April 16, 2014 3:30 pm

Markus Werba and Gary Matthewman, Wigmore Hall, London – review

The Austrian baritone was a fluent, confident singer, but the pianist was a scene-stealer
Markus Werba©Michael Reidinger/Getty

Markus Werba

Is Winterreise a never-ending journey of the soul, or simply a state of mind, static and circular? It depends on the interpreter. Most performances suggest some form of dramatic trajectory, but if you read the words and analyse the music, the implication is that, from beginning to end, nothing changes. It’s this anti-cumulative aspect of Schubert’s song-cycle that Austrian baritone Markus Werba and British pianist Gary Matthewman conveyed on Tuesday. If it denied us a wrenching sense of finality and emotional desolation, it did so without traducing the essence of this supremely self-absorbed work.

Werba, who recently turned 40, has hitherto made his biggest impact in opera, notably as Papageno and Beckmesser. But Winterreise revealed a confident, natural presence on the recital platform, as well as a flawless technique and a voice of attractive colouring – despite its tendency to spread at the top under pressure. What came across most strongly in Tuesday’s performance was Werba’s economy of expression and lack of affectation, bringing to the fore the essential simplicity of Schubert’s gestures while generating long, fluent paragraphs of musical poetry.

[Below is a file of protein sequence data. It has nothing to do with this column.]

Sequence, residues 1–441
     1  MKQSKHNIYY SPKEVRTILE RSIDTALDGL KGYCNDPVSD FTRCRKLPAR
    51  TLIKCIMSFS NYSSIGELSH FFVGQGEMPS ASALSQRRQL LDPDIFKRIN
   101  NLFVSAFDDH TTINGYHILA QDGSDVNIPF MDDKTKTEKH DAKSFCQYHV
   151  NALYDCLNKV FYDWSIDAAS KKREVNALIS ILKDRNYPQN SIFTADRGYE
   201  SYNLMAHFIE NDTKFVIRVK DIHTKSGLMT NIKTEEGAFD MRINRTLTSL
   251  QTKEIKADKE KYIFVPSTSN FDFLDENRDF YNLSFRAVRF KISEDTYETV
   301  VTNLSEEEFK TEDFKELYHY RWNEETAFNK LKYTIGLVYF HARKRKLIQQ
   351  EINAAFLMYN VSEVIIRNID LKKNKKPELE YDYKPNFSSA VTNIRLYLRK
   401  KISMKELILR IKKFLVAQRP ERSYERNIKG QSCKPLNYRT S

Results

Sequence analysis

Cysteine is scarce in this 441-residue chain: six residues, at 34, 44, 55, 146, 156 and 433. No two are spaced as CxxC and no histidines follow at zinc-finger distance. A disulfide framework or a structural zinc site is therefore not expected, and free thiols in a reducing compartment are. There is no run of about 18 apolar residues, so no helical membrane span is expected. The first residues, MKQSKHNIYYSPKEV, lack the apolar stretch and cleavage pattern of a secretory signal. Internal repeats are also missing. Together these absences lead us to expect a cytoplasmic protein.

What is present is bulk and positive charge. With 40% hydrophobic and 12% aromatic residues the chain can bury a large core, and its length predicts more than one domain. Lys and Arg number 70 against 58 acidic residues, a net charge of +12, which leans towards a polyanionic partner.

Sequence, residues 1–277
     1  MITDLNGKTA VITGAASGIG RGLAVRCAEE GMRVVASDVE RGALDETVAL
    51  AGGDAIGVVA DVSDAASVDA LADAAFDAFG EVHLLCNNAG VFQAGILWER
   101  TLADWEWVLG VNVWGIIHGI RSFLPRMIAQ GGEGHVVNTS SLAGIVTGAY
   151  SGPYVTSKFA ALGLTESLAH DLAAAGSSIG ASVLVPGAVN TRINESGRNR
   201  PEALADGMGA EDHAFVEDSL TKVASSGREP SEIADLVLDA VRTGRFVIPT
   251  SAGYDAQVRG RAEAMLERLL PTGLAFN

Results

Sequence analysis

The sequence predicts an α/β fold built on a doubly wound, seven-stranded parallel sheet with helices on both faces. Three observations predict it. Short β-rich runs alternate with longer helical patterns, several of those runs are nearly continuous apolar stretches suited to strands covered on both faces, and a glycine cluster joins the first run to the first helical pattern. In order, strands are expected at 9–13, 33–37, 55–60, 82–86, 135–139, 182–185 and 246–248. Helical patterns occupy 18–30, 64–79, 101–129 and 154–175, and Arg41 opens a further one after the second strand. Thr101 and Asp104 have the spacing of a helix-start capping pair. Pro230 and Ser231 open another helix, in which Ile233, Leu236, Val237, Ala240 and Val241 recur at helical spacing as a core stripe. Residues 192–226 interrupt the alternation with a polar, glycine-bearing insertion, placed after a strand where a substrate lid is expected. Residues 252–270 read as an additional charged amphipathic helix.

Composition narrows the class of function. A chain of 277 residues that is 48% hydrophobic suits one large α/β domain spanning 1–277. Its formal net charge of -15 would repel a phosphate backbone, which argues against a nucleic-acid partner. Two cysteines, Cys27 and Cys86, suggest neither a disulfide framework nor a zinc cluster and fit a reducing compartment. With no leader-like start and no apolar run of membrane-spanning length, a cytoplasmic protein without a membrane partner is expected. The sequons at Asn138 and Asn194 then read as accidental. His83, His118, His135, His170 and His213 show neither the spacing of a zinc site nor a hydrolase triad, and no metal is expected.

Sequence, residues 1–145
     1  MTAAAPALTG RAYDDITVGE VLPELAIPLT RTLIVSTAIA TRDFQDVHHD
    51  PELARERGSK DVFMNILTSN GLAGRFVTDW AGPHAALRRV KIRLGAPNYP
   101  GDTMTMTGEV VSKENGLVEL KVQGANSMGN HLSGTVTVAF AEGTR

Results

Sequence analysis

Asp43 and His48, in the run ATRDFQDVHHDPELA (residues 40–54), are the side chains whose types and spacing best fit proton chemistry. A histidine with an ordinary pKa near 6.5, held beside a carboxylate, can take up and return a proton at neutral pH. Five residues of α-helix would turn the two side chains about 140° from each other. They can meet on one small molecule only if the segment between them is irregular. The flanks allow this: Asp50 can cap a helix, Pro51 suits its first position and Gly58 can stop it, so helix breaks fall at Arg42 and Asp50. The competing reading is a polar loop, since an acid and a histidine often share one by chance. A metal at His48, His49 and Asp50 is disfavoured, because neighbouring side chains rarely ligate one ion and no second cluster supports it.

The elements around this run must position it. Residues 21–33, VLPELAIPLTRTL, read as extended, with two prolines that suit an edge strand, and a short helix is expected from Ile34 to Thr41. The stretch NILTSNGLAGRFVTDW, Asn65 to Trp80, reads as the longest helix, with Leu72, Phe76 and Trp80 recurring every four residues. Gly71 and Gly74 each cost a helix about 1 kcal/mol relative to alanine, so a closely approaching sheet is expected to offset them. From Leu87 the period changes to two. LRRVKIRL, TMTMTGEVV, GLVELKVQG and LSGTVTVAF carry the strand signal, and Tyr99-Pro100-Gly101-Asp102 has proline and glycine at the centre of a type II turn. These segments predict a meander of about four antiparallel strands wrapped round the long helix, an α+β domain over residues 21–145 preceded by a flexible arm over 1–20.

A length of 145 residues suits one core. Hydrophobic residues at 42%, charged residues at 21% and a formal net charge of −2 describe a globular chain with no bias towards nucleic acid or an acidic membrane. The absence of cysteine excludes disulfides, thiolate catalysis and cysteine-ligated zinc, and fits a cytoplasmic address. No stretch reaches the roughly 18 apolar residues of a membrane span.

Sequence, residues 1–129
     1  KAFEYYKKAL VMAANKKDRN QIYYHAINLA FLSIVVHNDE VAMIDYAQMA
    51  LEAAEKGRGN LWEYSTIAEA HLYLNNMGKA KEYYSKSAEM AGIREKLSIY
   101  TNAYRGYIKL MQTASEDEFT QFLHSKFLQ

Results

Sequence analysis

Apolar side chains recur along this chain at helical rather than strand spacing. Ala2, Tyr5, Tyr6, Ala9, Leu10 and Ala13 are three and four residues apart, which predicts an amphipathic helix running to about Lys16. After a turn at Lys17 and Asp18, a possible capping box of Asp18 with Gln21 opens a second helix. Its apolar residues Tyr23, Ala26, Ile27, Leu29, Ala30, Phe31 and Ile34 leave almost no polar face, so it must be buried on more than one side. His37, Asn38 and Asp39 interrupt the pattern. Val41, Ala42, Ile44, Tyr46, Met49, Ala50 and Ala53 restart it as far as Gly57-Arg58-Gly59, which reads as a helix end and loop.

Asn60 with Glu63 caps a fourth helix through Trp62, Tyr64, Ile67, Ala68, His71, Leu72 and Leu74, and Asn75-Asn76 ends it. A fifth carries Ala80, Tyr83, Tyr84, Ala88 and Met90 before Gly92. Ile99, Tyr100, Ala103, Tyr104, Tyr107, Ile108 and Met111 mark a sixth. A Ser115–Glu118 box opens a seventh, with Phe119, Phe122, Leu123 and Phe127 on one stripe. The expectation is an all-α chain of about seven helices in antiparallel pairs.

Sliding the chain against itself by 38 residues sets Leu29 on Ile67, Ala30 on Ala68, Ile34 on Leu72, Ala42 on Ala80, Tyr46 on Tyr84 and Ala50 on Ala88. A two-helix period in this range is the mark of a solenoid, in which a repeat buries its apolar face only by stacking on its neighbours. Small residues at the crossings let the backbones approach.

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This lonely lover sounded not so much introverted and tragic, as bluff and delusional. The burning tears of “Wasserflut” were eloquently realised, the emotional torrents of “Auf dem Flusse” intelligently characterised. “Der Lindenbaum” had a wonderful stillness. But the absence of extremes exacted a price: towards the end the songs were beginning to sound uncomfortably similar, as if Winterreise was little more than a set of variations on a recurring theme. While “Der Wegweiser” and “Der Leiermann” steered well clear of expressionism, Werba offered no compensating shafts of introspection. This “winter’s journey” was too easily picked up and put down.

Where it really did steal the attention was in Matthewman’s keyboard accompaniments, which came across like a musical cardiograph, tracing the fluctuations of mood and feeling with pinpoint accuracy. The prelude and postlude to each song were invariably scene-stealers. Matthewman is a name new to me, but if this recital is any gauge of his potential, I have a feeling we are going to hear a lot more of him.


wigmore-hall.org.uk

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